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  2. I completely agree with the article, and this is the way I have implemented tracking within my WP RSS Aggregator plugin. Another good example is Easy Digital Downloads, in that plugin the author offers a discount on other add-ons if the user enables tracking.

    On a related note, it would also be useful to know what data the WordPress software and related services such as Gravatar are sending back. I’m also of the opinion that there is not enough data being provided to plugin developers, which what motivates many developers to install tracking systems. As developers it is very useful for us to know which versions are in use for example. Before there used to be the version pie chart on the Stats page of a plugin, but it is no longer being displayed.

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  3. @Jean Galea – You can read all about it in this ticket: http://core.trac.wordpress.org/ticket/14682 comment towards the end has link to incident revolving Gravatar that has cost some people their jobs etc. There is also video presentation showing that sites using Gravatar makes available data that can be used for nefarious purposes.

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  4. Might be good too note that a person revealed through the Gravatar system had a bomb put in his frontdoor mailbox last night. It could be unrelated but timing suggest its connected.

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  5. I certainly did not know about the gravatar leak. By it raises questions for me.
    1. Living in Europe I am required to let every visitor know about any tracking cookies that may exist on the site. However if visitors leaving comments on a wordpress install are able to be identify then they could be tracked. Am I breaking the law by not declaring this leak of privacy?

    2. Should it be in my privacy policy?

    3 Why are automattic not being open with their users? If the EU decide to prosecute can I lead innocence because Matt was keeping me as a non technie in the dark? Or have automattic inc got a special disclaimer that covers this liability for them and us as users?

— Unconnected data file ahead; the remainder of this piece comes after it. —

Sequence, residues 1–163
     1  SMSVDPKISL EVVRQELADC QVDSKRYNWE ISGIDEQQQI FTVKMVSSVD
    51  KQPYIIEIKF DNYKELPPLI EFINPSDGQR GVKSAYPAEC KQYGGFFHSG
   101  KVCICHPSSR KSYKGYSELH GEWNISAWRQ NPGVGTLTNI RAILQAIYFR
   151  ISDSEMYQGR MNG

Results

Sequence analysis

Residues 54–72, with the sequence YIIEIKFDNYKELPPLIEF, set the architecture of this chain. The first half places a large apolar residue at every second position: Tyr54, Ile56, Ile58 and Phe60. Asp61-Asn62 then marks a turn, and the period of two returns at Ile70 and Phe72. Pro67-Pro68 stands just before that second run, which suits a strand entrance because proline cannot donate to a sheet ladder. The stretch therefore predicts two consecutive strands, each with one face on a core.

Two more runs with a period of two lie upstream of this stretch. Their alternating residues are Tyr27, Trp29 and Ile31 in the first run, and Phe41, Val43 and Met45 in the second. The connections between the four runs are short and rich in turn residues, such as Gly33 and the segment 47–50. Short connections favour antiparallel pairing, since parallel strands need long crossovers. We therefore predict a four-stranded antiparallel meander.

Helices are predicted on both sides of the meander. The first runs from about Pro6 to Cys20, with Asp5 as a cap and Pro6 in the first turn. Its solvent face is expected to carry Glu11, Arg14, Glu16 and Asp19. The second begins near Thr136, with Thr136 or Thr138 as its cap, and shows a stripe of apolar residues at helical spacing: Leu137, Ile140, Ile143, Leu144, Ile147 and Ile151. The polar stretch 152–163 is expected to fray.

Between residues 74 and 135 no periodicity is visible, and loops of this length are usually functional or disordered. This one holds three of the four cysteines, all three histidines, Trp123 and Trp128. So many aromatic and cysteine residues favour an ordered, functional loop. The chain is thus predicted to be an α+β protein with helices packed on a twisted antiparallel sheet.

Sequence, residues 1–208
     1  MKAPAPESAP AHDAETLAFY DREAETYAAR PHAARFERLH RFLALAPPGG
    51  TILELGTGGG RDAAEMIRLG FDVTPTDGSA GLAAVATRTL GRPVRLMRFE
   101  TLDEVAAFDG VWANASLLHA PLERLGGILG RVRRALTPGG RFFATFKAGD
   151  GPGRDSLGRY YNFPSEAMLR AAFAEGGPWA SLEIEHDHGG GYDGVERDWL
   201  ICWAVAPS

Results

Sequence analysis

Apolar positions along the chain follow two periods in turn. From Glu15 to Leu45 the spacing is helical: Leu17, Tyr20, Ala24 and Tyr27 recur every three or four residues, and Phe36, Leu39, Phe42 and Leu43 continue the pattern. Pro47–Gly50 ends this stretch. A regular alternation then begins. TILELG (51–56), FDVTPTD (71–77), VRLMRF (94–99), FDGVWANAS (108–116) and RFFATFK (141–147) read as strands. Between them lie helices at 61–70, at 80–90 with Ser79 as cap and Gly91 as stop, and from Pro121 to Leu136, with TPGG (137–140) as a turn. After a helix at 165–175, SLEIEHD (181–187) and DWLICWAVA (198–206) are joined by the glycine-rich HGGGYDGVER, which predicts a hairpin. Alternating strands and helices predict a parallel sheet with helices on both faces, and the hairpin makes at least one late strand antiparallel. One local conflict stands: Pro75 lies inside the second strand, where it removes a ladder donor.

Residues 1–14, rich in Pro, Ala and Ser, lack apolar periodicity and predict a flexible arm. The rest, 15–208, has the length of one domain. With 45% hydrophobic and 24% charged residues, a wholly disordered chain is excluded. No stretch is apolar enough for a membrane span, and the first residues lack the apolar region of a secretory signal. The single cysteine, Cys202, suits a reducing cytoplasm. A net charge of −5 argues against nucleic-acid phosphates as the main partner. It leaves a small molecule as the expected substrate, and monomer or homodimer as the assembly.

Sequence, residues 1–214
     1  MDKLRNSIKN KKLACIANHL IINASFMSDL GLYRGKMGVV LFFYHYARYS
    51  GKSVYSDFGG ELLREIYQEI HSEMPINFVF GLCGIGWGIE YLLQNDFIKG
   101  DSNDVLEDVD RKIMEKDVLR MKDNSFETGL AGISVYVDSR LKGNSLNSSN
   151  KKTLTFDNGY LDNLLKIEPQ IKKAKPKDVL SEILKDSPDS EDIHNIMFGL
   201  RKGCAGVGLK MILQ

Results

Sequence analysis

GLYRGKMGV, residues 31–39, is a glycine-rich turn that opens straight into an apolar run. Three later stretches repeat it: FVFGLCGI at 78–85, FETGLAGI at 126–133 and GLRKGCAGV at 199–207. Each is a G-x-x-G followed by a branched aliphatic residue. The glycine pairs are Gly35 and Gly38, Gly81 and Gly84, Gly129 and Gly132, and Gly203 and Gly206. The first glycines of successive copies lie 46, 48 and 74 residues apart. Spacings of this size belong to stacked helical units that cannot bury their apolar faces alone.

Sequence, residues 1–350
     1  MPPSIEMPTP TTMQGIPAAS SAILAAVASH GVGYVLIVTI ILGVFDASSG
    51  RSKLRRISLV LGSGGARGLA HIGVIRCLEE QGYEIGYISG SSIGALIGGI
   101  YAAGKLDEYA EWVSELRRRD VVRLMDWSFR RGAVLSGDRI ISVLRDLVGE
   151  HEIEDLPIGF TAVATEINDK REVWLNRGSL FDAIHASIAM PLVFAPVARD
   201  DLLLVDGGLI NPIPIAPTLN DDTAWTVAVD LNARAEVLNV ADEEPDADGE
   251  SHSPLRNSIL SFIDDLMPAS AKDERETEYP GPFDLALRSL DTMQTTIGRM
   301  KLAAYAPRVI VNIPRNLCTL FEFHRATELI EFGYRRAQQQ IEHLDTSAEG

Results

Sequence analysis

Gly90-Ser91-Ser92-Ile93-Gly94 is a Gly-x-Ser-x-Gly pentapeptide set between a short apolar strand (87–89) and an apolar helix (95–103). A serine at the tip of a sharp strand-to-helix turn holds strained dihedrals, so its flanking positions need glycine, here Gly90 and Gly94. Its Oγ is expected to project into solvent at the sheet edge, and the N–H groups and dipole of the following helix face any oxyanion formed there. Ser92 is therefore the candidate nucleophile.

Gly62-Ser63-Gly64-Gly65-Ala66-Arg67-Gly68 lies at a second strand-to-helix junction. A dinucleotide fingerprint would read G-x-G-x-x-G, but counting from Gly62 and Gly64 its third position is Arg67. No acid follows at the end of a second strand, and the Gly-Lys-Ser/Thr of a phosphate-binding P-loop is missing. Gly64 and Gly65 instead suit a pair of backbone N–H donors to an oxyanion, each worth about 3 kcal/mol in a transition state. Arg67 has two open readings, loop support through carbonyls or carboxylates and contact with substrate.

Ron

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  6. Plugins collecting information and phoning home to a third-party without the user’s consent is a serious issue in the WordPress community.

    Whaaaaat?!?

    *Cough*! *Cough*! *Cough*!

    [Catches breath…]

    Can we please address WordPress itself before trying to give lessons to plugin and theme authors?

    Phones home with a lot more information than it should? Check.

    Collects information on its users using Gravatars and pray tell what else? Check.

    Creates potential privacy issues in the process by exposing md5’d versions of commenter email addresses? Check.

    Doesn’t disclose any of the above? Check.

    Doesn’t allow to easily disable any of the above? Check.

    Consistently refused to address any of the above issues for *years*, going as far as closing several related tickets as *won’t fix*? Check.

    No offense, but who the hell do you thing you’re kidding here with this shameless and ludicrous angelic stance?

    WordPress itself is the worst offender in this area. Period, end of story. No ifs, no buts.

    As long as WordPress doesn’t get this right and lead by example, this entire article is moot.

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  7. Wow,

    Where’s Glenn Greenwald when you need him?

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  8. I think it would be nice if there was a policy of disclosing any features which can be used to track you. A lot of plugins and themes implement code which could be used to track you, even though they most likely don’t.

    I don’t think a rule like that would be implemented any time soon though, since WordPress itself would fail such a rule quite badly, but I do think it would be a good thing.